Cyndy Aleo's Reviews > Waiting to Exhale

Waiting to Exhale by Terry McMillan
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May 20, 11

bookshelves: women-s-fiction, favorites

Before the pap that was How Stella Got Her Groove Back, Terry McMillan wrote the brilliant Waiting to Exhale, a story of four female friends and their triumphs and failures in their relationships with men.

::: The New Musketeers :::

As the novel opens, Savannah has just quit her job to move to a new job in Phoenix, where her friend Bernadine lives, in hopes of furthering her career and moving from public relations to television producing. Bernadine herself has just found out that her husband has not only been having an affair, but is leaving her for a white woman. Bernadine's other two friends, Gloria and Robin, aren't faring much better; Gloria is struggling with her teenage son, Tarik, and Robin is up to her eyeballs in debt and involved with a philandering loser who uses her for money, Russell.

Not one of the four seems to be able to find a good man. Savannah is too picky; Gloria is too wrapped up in her hair salon and raising her son on her own; Robin picks all the wrong men; and Bernadine finds that she has given her all to a man for eleven years and lost her own identity in the process. Savannah's move to Phoenix seems to coincide with changes in all their lives, as Bernadine finds a life outside her husband (after a scene made famous in the movie where she dumps her husband's designer suits in his BMW and sets the whole thing on fire), Gloria begins to let go of her son, Robin realizes that she doesn't always need a man to be with her, and that it's better to be alone than with the wrong man just to be with someone, and Savannah learns to let go and open up a little bit.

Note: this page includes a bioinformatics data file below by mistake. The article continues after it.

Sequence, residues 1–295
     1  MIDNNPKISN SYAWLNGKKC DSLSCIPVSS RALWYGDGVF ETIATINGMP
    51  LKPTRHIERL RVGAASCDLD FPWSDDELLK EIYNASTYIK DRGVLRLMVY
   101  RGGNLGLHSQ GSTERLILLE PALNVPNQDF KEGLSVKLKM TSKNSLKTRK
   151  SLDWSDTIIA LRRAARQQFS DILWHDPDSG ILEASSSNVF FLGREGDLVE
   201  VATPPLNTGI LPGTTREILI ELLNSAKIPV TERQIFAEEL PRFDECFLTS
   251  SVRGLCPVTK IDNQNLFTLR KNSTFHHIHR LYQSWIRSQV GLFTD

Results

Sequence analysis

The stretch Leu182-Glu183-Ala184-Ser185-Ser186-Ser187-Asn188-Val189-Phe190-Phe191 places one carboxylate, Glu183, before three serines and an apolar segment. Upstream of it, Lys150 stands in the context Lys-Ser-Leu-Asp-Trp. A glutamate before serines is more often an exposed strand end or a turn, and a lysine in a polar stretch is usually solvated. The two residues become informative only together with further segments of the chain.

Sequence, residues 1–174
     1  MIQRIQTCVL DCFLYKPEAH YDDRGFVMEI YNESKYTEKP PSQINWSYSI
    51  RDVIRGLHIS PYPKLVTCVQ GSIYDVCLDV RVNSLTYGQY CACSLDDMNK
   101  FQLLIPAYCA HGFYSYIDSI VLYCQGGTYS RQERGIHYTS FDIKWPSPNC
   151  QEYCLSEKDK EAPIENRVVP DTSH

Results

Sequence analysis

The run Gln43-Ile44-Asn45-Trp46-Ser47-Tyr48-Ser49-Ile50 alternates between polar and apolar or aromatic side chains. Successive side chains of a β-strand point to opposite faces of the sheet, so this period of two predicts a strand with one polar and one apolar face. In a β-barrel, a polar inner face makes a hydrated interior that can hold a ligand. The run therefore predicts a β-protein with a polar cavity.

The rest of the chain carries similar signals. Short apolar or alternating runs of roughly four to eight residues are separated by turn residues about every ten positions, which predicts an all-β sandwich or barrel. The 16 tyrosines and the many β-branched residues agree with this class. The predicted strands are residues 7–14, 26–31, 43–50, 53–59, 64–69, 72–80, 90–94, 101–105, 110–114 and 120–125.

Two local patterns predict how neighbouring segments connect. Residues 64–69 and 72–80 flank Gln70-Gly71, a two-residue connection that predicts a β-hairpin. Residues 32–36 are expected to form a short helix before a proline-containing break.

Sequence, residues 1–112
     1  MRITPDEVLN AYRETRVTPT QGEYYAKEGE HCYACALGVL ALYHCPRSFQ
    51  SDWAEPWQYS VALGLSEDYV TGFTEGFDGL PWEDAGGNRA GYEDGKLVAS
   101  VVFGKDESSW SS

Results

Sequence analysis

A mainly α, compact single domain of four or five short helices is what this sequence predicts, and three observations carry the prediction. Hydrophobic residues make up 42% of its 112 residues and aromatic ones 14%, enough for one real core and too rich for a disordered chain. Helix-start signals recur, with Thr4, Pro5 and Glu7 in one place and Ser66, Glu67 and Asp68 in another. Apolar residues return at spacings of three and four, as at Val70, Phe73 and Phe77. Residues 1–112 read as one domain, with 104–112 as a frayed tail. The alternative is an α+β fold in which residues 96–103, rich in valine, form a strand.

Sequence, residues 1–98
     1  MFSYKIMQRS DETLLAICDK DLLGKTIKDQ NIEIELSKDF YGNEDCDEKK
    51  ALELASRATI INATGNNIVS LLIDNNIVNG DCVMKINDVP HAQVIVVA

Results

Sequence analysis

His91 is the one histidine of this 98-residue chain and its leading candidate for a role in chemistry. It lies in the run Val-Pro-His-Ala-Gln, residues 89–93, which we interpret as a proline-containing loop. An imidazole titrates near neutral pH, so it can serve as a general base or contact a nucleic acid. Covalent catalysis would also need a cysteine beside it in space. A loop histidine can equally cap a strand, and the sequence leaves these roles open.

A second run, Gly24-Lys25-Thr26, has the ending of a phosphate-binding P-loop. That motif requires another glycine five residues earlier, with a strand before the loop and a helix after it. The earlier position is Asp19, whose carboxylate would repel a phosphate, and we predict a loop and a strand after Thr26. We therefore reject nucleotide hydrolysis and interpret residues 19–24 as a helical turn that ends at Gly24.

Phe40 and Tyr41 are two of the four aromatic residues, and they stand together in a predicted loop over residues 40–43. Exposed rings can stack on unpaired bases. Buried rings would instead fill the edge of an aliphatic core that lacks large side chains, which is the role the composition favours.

::: All For One and One For All :::

Throughout all the ups and downs with men, some serious and some downright comical, what comes through is how important friendship between women can be, both when life is going well and when it's not. Each one of the women has something to learn from the others, be it a willingness to loosen up a little, or a need to become more responsible. Throughout it all, the friends are able to accept each other as they are, even when they disagree with life choices. All three friends know that Robin's boyfriend Russell is a no-account loser, but accept that she needs to realize that on her own, even as they vent about him to each other.

McMillan's writing makes the women's relationships as well as their experiences tangible. Every woman can relate to Savannah's horror at finding herself stuck with a clingy man who was introduced by friends, and every woman will sigh when Bernadine meets James, who may well be the perfect man aside from his wife. While the focus is on four African-American women, the friendships and experiences with men are something that any woman can relate to, even if some of the characterizations of the men they meet border on stereotype. Their relationships with men don't define their lives; they merely reflect them. This book is a must-read.

This review previously published at Epinions: http://www.epinions.com/review/Waitin...
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